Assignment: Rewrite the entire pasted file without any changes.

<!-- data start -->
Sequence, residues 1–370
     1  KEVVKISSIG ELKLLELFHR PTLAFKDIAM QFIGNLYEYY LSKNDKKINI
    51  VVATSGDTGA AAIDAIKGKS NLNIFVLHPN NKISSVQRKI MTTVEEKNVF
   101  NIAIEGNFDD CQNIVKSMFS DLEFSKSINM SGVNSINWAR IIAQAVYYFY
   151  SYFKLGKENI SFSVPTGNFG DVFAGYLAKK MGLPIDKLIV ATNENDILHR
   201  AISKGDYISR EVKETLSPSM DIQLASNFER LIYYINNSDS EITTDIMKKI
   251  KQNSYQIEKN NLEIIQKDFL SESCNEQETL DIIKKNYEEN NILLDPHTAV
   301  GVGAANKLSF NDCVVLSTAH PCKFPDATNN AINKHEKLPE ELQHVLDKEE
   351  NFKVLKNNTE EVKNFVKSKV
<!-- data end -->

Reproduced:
Sequence, residues 1–370
     1  KEVVKISSIG ELKLLELFHR PTLAFKDIAM QFIGNLYEYY LSKNDKKINI
    51  VVATSGDTGA AAIDAIKGKS NLNIFVLHPN NKISSVQRKI MTTVEEKNVF
   101  NIAIEGNFDD CQNIVKSMFS DLEFSKSINM SGVNSINWAR IIAQAVYYFY
   151  SYFKLGKENI SFSVPTGNFG DVFAGYLAKK MGLPIDKLIV ATNENDILHR
   201  AISKGDYISR EVKETLSPSM DIQLASNFER LIYYINNSDS EITTDIMKKI
   251  KQNSYQIEKN NLEIIQKDFL SESCNEQETL DIIKKNYEEN NILLDPHTAV
   301  GVGAANKLSF NDCVVLSTAH PCKFPDATNN AINKHEKLPE ELQHVLDKEE
   351  NFKVLKNNTE EVKNFVKSKV